Wnts are secreted growth factors that specify cell fate during embryogenesis and renewal of tissues in the adult. Inappropriate activation of the pathway is associated with a number of cancers. Wnts bind to two co- receptors: 7-transmembrane helix receptors called Frizzled proteins (Frz), and single pass transmembrane receptors called LDL-receptor related proteins 5 and 6 (Lrp5/6). Activation of Lrp5 or Lrp6 leads to phosphorylation of its intracellular domain and transmission of the Wnt signal. Wnt-Frz-Lrp5/6 interactions are modulated by various activators and inhibitors, including the vertebrate Dickkopf (Dkk) proteins. In this proposal, biochemical, structural, and biophysical analyses are used to define the mechanism and specificity of Lrp5/6 interactions with Wnt pathway activators and inhibitors. The results will provide a mechanistic underpinning for future efforts to modulate Wnt signaling therapeutically. 1. To define how Dkk1 modulates the conformation of Lrp6 to render it inactive in Wnt signaling, crystal structures of human Dkk1 bound different portions of Lrp6 will be determined, and the energetics of these interactions will be determined accurately by calorimetry. 2. The activated state of Lrp6 will be investigated by determining structures of Lrp6 bound to activators, including a recently described monoclonal antibody, and by determining energetic contributions of different regions of Lrp6 to these interactions. 3. Mutations of Lrp6 residues identified as important Dkk1 interaction residues by structure-based mutagenesis will be tested for binding to purified Wnt3a, in order to map out the Wnt3a binding surface on Lrp6. Structural studies will be performed on Drosophila WntD to define surfaces in the homologous classical Wnts important for receptor binding.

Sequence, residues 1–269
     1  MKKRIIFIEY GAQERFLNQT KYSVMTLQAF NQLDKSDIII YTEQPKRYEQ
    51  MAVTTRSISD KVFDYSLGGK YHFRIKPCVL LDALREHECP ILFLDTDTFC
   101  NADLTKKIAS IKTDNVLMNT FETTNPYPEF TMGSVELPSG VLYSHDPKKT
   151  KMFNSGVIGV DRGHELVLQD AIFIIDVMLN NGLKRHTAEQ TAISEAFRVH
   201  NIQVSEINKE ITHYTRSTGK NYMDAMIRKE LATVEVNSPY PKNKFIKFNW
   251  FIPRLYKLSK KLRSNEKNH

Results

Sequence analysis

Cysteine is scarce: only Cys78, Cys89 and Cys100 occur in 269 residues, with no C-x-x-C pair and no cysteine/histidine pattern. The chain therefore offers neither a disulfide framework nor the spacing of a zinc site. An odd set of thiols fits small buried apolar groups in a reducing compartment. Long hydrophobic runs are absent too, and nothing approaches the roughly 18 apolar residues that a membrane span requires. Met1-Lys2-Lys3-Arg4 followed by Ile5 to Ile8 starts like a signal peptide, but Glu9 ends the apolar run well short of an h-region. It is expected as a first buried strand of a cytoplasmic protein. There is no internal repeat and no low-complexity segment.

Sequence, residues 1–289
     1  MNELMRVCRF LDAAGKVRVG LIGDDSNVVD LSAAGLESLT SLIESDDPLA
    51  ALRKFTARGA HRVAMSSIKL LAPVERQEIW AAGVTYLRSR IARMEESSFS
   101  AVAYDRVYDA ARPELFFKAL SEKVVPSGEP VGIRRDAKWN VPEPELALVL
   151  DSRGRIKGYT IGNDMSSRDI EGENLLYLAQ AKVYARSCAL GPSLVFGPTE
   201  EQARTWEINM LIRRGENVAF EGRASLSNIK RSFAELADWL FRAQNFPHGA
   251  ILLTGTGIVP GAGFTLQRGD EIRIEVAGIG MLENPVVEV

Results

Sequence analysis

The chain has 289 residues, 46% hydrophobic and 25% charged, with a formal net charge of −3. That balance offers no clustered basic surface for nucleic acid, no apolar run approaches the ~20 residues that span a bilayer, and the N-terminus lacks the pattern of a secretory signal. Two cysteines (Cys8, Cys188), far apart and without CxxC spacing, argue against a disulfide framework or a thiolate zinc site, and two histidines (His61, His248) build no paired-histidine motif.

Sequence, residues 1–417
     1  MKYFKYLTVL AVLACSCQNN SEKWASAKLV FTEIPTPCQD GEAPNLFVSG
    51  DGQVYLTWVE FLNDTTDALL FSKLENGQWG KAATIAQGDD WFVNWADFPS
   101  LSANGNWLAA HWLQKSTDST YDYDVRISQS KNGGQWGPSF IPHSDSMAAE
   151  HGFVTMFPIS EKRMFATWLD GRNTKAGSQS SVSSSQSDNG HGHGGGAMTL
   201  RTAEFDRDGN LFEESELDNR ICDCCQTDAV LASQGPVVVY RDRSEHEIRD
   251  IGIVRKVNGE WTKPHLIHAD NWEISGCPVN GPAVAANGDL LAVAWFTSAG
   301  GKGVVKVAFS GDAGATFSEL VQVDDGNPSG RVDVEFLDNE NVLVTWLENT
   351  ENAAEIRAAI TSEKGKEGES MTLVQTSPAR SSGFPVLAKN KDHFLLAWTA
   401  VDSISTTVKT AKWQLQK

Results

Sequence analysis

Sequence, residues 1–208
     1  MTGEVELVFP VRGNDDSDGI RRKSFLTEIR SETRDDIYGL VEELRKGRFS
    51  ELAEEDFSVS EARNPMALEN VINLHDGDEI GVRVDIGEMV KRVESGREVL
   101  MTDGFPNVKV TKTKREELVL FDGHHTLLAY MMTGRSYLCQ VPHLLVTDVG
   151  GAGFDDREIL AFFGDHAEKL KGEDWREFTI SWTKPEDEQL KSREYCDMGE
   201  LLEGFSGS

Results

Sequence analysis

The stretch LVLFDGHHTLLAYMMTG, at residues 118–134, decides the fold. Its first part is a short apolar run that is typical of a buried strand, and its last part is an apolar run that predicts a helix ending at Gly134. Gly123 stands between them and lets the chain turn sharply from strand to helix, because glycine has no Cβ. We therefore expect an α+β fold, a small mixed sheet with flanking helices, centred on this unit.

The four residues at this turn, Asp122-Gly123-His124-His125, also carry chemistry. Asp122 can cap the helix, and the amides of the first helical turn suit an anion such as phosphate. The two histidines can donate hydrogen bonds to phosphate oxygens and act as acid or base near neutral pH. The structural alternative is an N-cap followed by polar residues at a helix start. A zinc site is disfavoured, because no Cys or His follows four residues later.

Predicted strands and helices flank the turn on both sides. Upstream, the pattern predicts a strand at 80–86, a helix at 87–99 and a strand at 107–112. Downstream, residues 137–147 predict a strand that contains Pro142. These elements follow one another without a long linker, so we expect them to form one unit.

Wnt proteins are secreted growth factors that are essential for the differentiation of stem cells. This proposal aims to understand how Wnts interact with their receptors on the cell surface. The molecular information from these studies could provide a foundation for rational, efficient development of therapeutic agents to control inappropriate Wnt signaling in a number of cancers.
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